"It was a very difficult decision to make, very emotional," says current principal Min O'Carroll, who was also in charge at the time.
O'Carroll has been at the kura kaupapa for seven years. She says it has been a dream of hers since the start to establish the wharekura as an independent institution, but her initial inexperience as a principal meant it was difficult to get the go ahead.
Now, after years of preparation, funding requests for IT upgrading and E-Learning facilities, and support from the community, Education Minister Hekia Parata has given her approval.
"It was a big day for us. The application has been in since April so to wait and wait and wait and not know anything . . . We knew it was going to the minister on the Monday (December 2), we knew she was going to view it on the Monday morning, so to get the email on Tuesday morning was just 'wow'," says Keri Wanoa, parent and member of the board of trustees.
The plan now is to introduce an additional year level every year, and although four students is a small starting point, Wanoa says it could also be an advantage.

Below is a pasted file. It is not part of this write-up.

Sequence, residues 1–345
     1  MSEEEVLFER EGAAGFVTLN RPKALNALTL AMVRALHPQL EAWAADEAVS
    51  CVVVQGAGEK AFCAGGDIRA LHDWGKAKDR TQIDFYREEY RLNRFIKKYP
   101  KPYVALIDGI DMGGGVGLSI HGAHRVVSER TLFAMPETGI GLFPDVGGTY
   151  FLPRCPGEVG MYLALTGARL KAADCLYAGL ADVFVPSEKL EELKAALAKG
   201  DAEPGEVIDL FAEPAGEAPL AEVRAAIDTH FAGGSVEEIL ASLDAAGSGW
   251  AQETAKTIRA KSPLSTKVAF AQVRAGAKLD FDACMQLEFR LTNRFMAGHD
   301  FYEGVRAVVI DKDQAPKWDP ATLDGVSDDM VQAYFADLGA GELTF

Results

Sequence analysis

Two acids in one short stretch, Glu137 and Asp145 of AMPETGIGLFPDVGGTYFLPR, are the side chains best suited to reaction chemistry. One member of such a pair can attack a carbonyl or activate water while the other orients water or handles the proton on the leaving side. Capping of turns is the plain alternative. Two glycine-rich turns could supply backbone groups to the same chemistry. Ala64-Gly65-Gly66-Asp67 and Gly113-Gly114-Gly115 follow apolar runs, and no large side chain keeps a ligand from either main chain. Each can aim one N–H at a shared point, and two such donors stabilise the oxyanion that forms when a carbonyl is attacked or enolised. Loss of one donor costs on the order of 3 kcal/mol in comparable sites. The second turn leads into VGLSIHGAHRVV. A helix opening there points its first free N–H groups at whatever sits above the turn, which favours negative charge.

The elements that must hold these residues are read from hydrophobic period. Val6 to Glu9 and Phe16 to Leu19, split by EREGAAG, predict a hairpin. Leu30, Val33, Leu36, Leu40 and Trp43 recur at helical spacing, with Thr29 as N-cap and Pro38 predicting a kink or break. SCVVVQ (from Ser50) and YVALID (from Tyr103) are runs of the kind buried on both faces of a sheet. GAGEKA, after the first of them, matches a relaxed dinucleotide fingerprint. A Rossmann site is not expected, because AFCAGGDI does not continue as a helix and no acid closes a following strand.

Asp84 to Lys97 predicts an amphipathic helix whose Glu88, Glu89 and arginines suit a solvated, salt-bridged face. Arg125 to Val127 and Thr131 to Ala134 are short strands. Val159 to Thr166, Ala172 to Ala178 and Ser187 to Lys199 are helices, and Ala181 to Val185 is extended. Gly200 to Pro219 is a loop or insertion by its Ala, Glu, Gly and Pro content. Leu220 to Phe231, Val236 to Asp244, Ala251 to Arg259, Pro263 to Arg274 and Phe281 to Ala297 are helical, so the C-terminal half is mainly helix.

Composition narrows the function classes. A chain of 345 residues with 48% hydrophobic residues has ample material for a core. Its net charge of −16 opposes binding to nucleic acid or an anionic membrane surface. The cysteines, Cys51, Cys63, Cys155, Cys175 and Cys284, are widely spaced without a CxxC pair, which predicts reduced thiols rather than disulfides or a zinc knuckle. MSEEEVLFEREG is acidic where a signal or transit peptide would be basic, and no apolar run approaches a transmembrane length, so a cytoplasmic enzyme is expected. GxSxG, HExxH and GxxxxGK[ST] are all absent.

"They end up with more personalised plans. We've already had discussions with the kids about what it is they would like to focus on, and they're all really different areas. With four it makes it easier to cater to that."
The four students' dreams vary from going off to university to studying law or sports science, to pursuing a career in music.
O'Carroll says the curriculum will comply with the Ministry of Education's requirements but will also be based on "what the whanau wants for their tamariki", which will include ngatoi (arts) and oral history as part of social studies lessons.
The kura has advertised for a teacher who will be the students' main point-of-call, but it will also get teachers in to cover specialised subjects.
The school believes it will be able to continue to teach students life lessons they were not likely to get at mainstream institutions.
"It's really hard to articulate . . . it's a Maori world view," Wanoa says.
"Mainstream tends to focus on the cognitive skills and they don't necessarily look at the whole person and the non-cognitive skills that are just so important to have a successful child. The kura kaupapa does that through Te Aho Matua principles."